The latest blend is a whey-derived di- and tri-peptides that the firm said is suited to recovery from exercise and muscle building. The ingredient was in development since 2007 and became available commercially at the start of this year. It forms part of Carbery’s Optipep range which launched in 2006.
Company marketing manager Paul Donegan told DairyReporter.com that the development stemmed from a recent collaboration with the North Carolina State University (NCSU) which conducted an in-depth sensory study on Optipep latest offering and other hydrolysed milk proteins.
Donegan said the study enabled further insight into “the relationship between flavour, manufacturing processes, storage and consumer responses”.
The company said the NCSU testing had provided it with a set of tools to better understand how to formulate whey extracts to make for cleaner tasting. Enzyme technology was the principle mechanism that allowed the bitterness typically associated with hydrolysis to be reduced.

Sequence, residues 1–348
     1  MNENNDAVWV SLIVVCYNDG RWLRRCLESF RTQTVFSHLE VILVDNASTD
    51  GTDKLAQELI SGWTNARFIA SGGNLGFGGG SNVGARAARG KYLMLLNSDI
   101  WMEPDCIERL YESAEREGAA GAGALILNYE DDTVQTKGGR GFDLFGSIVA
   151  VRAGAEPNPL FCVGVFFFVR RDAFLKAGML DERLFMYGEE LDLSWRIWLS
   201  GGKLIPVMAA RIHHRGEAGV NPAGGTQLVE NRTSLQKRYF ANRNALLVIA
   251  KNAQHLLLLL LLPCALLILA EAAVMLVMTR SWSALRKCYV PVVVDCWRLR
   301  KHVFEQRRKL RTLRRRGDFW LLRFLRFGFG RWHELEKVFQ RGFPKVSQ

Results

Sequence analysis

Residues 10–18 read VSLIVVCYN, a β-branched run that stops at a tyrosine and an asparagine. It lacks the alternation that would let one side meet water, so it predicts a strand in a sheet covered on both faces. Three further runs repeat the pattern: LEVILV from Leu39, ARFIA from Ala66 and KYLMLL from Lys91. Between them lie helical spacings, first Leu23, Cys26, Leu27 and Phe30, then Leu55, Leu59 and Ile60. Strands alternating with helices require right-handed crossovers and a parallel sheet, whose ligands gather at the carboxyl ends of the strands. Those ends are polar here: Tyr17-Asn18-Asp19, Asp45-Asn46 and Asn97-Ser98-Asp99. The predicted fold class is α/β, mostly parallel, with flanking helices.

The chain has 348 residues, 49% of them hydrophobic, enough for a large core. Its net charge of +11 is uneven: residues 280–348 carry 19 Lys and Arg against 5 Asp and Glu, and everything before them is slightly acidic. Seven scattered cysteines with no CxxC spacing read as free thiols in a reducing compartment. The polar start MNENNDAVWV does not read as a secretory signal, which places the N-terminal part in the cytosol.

The company claimed increased insulin responses that stimulate the uptake of certain amino acids into the muscle, “promote muscle protein synthesis and decrease breakdown by inhibiting amino acid oxidation.”
Donegan added that the new HWP could be incorporated into drinks, gels, bars and tablets and said the firm was already in contact with a number of manufacturers both new and existing.
The company’ marketing manger told this site that the market for sports nutrition applications had expanded beyond just bodybuilders and sports enthusiasts.
“As focus on health has shifted towards the mainstream, final-consumer demographics have changed. Recreational sportsmen and women increasingly seek the recovery benefits of protein-enhanced products, but are not prepared to compromise on taste,” he said.
Donegan considered the US sports nutrition market to be more advanced than other markets, but believed the EU was showing greater interest in HWP.
As part of its research strategy, Donegan said Carbery would continue to invest significant resources into research and development.